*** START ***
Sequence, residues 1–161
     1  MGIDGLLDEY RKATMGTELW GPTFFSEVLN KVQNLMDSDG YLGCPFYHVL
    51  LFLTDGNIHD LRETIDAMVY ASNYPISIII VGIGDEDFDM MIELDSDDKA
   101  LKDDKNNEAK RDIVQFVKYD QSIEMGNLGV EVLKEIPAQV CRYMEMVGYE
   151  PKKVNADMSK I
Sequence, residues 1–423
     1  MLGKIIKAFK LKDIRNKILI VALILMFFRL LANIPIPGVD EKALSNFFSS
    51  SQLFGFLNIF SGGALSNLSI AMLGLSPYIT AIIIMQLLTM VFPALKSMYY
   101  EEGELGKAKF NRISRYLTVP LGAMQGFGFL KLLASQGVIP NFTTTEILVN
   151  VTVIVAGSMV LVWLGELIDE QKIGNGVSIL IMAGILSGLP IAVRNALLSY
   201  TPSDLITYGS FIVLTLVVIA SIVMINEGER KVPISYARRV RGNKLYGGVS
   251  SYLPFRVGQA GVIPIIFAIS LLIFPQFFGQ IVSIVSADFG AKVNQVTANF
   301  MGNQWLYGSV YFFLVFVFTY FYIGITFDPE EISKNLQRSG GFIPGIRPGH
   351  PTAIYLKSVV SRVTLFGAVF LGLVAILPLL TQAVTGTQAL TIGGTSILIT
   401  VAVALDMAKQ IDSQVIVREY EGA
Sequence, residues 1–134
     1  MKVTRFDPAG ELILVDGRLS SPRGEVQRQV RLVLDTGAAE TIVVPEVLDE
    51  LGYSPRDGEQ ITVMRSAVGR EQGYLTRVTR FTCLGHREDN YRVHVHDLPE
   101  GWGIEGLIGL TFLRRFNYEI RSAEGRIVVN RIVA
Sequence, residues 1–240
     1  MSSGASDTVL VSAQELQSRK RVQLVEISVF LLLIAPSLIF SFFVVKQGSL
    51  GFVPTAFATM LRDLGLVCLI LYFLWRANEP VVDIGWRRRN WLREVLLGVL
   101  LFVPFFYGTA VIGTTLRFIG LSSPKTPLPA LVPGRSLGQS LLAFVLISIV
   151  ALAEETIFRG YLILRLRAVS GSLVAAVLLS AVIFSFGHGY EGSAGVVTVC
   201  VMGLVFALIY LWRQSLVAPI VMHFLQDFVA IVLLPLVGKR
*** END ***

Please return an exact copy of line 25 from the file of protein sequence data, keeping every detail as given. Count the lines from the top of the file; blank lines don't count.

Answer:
   201  VMGLVFALIY LWRQSLVAPI VMHFLQDFVA IVLLPLVGKR